today is tomorrow's past

today is tomorrow's past

I help people create remarkable things. I'm a senior computer scientist at Adobe, working on Adobe Experience Design CC (Adobe XD). Formerly working on Adobe Photoshop Device Preview. I contribute to Brackets and TabWrangler. Opinions are my own. Photography is my other passion.

Design for Coffee Ground Distribution Tool Base with OpenSCAD

Use OpenSCAD to design a Base to hold a Coffee ground distribution tool

5 minutes read

TL;DR

A friend of mine asked me if I could build something useful with my 3D Printer. He wanted to have something to place his new (and expensive) tamper for ground coffee. I always wanted to design and print something useful on my 3D Printer. And I wanted to learn and use OpenSCAD for a long time. Now I had an excellent reason to learn it.

Create the Design

I had no experience with OpenSCAD at all when I started this little project. OpenSCAD comes with a lot of examples and a short Cheat Sheet that is extremely helpful in learning OpenSCAD.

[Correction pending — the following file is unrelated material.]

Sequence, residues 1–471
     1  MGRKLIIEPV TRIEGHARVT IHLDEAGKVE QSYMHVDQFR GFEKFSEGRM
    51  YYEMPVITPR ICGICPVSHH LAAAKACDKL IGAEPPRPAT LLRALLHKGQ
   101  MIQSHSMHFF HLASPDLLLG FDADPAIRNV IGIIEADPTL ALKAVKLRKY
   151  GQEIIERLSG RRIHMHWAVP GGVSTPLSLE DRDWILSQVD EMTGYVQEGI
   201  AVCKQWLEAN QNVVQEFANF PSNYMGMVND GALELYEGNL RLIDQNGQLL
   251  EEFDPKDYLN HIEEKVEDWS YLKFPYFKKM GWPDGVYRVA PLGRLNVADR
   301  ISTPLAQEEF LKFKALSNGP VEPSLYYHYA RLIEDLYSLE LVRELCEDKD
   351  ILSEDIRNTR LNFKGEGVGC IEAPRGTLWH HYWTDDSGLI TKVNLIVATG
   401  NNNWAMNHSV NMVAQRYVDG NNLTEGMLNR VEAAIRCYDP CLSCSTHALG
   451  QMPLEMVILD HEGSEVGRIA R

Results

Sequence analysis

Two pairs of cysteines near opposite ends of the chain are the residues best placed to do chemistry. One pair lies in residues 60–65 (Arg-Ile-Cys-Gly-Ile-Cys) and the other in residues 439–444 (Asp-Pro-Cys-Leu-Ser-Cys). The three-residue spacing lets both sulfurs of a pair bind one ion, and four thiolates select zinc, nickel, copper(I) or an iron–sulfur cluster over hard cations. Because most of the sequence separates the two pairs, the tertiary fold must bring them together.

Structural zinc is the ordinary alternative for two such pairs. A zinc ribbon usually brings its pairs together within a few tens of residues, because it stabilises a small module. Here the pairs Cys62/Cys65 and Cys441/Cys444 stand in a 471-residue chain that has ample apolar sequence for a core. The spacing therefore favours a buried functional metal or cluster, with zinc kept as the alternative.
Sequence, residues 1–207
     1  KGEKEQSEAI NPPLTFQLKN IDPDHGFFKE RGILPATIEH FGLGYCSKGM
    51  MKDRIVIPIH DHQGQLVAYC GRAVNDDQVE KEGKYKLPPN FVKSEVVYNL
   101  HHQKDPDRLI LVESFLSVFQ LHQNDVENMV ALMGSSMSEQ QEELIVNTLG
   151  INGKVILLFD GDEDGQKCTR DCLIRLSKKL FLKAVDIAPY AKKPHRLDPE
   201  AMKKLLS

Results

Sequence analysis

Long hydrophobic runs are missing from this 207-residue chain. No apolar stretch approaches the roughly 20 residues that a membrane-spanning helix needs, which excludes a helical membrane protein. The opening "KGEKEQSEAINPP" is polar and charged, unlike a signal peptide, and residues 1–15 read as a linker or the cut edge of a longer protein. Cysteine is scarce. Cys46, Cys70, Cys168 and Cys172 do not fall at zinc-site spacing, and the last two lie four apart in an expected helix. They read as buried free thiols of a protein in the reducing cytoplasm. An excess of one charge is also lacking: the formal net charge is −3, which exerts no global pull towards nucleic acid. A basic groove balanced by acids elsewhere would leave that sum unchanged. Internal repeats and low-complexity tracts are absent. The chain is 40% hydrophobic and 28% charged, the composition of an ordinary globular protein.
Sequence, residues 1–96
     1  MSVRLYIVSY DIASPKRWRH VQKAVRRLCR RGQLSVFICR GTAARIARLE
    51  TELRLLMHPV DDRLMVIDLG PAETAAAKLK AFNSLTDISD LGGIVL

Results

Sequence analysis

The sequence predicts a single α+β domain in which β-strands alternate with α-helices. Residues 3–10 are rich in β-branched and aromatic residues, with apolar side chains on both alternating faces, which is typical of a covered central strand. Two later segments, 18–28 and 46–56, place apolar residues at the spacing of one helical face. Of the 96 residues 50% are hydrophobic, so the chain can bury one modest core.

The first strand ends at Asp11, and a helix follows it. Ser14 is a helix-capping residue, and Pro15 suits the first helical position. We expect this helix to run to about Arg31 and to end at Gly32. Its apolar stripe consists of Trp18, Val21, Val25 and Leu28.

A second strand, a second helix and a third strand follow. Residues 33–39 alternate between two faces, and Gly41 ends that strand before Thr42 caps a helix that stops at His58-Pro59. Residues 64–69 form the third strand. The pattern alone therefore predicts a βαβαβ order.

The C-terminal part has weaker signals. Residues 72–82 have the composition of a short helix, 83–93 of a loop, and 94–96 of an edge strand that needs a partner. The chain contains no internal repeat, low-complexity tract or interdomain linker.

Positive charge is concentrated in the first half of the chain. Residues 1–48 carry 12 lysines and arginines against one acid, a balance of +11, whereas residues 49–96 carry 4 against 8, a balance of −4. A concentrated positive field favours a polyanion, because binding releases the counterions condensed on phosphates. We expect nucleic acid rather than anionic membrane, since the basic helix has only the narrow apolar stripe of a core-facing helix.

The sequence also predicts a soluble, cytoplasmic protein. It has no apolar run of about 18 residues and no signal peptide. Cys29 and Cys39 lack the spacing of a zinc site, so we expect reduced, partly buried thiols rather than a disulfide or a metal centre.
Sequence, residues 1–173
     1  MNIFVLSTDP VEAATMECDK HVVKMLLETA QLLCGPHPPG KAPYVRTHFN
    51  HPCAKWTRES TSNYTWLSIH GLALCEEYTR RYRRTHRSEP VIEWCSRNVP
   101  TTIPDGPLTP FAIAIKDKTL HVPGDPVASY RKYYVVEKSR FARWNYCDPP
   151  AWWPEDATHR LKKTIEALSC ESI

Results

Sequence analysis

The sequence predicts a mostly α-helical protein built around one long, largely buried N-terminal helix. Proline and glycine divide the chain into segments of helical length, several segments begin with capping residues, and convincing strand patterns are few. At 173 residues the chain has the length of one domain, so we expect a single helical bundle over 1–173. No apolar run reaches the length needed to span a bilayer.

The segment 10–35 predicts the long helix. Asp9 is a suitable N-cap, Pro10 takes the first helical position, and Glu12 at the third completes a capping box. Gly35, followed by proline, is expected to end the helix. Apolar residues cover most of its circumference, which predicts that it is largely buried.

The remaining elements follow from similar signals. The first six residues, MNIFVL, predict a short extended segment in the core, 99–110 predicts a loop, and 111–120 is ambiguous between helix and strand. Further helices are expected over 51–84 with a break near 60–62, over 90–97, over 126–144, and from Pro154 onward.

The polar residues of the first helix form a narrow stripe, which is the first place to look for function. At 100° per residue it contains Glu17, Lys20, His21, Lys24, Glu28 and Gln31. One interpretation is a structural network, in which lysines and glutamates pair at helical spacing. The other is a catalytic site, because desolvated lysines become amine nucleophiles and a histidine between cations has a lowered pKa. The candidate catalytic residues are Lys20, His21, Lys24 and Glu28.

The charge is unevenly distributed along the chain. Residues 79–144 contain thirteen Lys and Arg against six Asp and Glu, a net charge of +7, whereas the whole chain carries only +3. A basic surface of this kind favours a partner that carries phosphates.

OpenSCAD uses a simple programming language to describe geometric shapes. These shapes can be modified by having functions to create them with variable parameters. That makes it easy to modify a design by changing a parameter, and everything that depends on that parameter will adjust accordingly. This parametric design principle is partly used by some professional-grade CAD programs (Fusion360, AutoCAD). It’s not a new thing. OpenSCAD has a much lower bar, IMHO, to create a parametric design.

Design Considerations

I wanted to keep it simple for the first project. I envisioned a square that is big enough to hold the tool, a circle/cylinder on top of that square, to fit around the circular metal base of the tool tightly. The bottom should not be too big since it will be used in an environment with limited surface space. But it should not be too small to avoid falling over. So far, this sounds doable.

The challenges I encountered along the way

  1. How do I create a hollow cylinder with a specific wall width?
  2. How can I create rounded corners for the square base?
  3. How can I add some text on top of the base (give it a personal note)?
  4. How can I add some text embossed on the side of the Base (copyright text)?

Let’s look at the implementation.

Creating the Square Base

module RoundedCornerSquareBase() {